Do child models need model licences?
A. Yes they do. The license is free and easy to obtain.
What sort of model work could my child get?
A. Your child might appear anywhere from a cover of a parenting magazine, national TV adverts, in store advertising , poster for child products, games feature on packaging for toys or child medication, in catalogues, posters on buses, posters for children,s charities …The list is endless.
Do I pay tax for my child?
A. Children do not pay tax or national
Do I bring my child to and from jobs? If I am busy can I send some one else?
A. Yes and you are usually paid a fee plus travel expenses along with the child. If you are busy you can arrange for somebody else to accompany the child with your written consent usually.
What will my child be paid?
A. This various from job to job. Typically a child can be paid anything from £100 half day, £200 full day, £40 / £50 per hour. If the child was lucky enough to be booked for a TV commercial then this rate could rise quite significantly.
What is the minimum age for a child ? When does a child become an adult in modelling?
A. Agencies accept models as young as new born. In modelling terms as a child turns 18 they are classed as an adult.
Do children still need portfolios ?
A. Children are changing as they grow however all models need a portfolio for promotion regardless of the age. Without this tool it is near impossible to be hired. Images from jobs can be added to portfolios to keep up to date.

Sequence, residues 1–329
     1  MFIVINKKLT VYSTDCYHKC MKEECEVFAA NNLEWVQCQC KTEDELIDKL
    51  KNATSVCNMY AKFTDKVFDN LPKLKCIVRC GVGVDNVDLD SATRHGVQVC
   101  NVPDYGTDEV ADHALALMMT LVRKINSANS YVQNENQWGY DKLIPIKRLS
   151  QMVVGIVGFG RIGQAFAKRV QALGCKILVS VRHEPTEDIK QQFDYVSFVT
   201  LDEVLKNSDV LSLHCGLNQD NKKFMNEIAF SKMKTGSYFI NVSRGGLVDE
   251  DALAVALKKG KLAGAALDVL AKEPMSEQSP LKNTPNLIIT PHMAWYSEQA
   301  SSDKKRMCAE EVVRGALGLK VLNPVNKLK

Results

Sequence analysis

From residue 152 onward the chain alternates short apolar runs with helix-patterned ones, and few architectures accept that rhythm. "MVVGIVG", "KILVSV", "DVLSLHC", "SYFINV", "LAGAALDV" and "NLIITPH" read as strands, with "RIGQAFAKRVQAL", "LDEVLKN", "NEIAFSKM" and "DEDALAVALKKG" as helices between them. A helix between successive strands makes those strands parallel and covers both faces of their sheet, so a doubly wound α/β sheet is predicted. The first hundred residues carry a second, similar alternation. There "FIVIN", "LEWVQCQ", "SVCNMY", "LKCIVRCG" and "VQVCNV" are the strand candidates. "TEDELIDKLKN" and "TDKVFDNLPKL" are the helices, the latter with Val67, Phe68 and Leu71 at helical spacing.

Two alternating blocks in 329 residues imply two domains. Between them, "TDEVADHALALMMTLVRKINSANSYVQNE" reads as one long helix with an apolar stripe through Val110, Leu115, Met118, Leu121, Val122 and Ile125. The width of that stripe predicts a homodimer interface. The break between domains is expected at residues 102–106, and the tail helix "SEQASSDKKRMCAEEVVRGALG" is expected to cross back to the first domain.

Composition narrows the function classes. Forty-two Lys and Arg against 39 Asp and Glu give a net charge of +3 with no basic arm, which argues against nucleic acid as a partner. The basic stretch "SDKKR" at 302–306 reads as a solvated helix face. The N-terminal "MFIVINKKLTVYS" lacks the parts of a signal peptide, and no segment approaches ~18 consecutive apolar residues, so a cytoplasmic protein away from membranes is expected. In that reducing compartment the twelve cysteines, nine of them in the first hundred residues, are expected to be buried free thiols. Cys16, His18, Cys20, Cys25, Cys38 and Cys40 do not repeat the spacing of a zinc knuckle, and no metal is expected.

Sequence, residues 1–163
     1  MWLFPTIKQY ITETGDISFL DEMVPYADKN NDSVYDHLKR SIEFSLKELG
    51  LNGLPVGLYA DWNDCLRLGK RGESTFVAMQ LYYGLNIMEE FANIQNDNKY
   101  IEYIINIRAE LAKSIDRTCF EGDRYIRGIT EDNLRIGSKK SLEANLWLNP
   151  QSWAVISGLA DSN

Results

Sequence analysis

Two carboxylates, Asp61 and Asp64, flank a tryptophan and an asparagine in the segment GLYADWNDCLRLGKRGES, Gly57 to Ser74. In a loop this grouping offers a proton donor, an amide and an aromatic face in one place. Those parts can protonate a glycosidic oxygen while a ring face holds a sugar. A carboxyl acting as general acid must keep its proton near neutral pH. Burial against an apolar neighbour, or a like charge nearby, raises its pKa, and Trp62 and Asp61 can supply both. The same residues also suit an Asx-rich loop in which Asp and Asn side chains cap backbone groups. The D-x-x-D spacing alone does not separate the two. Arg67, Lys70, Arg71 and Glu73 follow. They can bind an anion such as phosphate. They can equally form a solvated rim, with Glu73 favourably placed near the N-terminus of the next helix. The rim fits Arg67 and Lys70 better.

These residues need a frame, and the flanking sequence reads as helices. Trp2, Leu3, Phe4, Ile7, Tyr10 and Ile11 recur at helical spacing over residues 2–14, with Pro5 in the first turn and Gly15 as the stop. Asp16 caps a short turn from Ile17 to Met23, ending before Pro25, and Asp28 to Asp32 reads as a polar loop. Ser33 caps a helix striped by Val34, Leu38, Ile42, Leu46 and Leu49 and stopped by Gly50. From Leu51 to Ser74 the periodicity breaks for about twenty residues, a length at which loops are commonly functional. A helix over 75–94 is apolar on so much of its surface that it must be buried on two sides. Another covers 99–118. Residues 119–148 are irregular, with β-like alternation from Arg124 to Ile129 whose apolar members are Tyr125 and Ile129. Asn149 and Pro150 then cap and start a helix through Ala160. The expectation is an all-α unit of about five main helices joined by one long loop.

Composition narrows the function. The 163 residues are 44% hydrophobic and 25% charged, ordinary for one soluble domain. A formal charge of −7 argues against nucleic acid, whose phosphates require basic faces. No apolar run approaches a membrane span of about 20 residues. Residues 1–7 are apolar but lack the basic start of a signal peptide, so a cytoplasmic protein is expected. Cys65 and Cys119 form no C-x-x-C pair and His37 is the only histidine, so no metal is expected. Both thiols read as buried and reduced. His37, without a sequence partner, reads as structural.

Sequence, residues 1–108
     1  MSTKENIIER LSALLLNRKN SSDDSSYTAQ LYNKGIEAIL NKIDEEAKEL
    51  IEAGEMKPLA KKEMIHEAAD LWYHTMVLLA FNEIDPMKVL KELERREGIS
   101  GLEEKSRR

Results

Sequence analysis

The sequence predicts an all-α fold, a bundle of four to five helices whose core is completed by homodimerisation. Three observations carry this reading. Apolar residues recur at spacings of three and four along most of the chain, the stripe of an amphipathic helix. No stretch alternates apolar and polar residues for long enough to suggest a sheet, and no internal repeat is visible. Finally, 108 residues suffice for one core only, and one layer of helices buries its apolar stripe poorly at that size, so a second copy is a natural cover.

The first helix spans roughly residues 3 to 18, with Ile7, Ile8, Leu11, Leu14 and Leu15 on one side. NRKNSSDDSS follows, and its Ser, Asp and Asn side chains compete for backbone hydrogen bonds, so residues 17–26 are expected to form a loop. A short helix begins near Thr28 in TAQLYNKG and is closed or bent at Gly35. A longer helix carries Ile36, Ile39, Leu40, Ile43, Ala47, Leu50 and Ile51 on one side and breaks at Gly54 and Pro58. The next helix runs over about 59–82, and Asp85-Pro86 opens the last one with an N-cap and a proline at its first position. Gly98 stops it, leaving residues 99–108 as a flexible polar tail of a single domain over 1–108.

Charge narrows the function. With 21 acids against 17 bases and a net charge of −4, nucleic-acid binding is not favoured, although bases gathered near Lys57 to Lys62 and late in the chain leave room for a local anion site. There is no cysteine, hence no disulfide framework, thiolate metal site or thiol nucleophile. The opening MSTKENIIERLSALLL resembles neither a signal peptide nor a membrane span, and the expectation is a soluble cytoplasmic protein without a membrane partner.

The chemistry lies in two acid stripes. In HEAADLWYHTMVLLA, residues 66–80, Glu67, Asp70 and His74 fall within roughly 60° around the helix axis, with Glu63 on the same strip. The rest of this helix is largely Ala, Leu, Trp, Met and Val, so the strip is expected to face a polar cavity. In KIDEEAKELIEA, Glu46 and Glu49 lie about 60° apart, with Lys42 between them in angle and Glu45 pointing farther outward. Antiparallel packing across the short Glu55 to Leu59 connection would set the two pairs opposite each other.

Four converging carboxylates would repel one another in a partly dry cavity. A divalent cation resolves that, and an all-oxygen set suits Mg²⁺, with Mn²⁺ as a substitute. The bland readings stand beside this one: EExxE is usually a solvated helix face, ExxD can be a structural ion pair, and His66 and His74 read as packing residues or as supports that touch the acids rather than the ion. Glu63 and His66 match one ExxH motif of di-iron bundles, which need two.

Do child models need model licences? A. Yes, full details are below:
A model agency will apply for a performance licence once the child has been booked on the first paid model job not before. This must be done by law, the process is free and simple. Performance licences are issued by the local council.
Before giving a child a performance licence the council will talk to the headteacher of the child’s school. This is to make sure the child’s education won’t suffer if they work in TV, theatre or modelling.
A child does not require a performance licence when:
The child is required to perform for one day and in the 6 months preceding that performance the child has not exceeded the 3 day unlicensed exemption period (a child can possibly perform for 4 days in a 6 month period without the need for a licence);
And they do not require time off school (paid or unpaid);
Or the performance is under arrangements made with school or a Body of Persons (Body of Persons exemptions can be granted by a local education authority or secretary of state if certain criteria are met);
And no payment is made to the child or any other person, except for defraying expenses.
Children & Young Persons Act 1933 & 1963
Children (Performances) Regulations 1968
The Children (Performances) (Miscellaneous Amendments) Regulations 1998 (1)
The Children (Performances) Amendment Regulations 2000
The Children (Performances) (Amendment) (No.2) Regulations 2000
Statutory Instruments 1968 No. 1728, 1998 No. 1678, 2000 No. 10 & No. 2384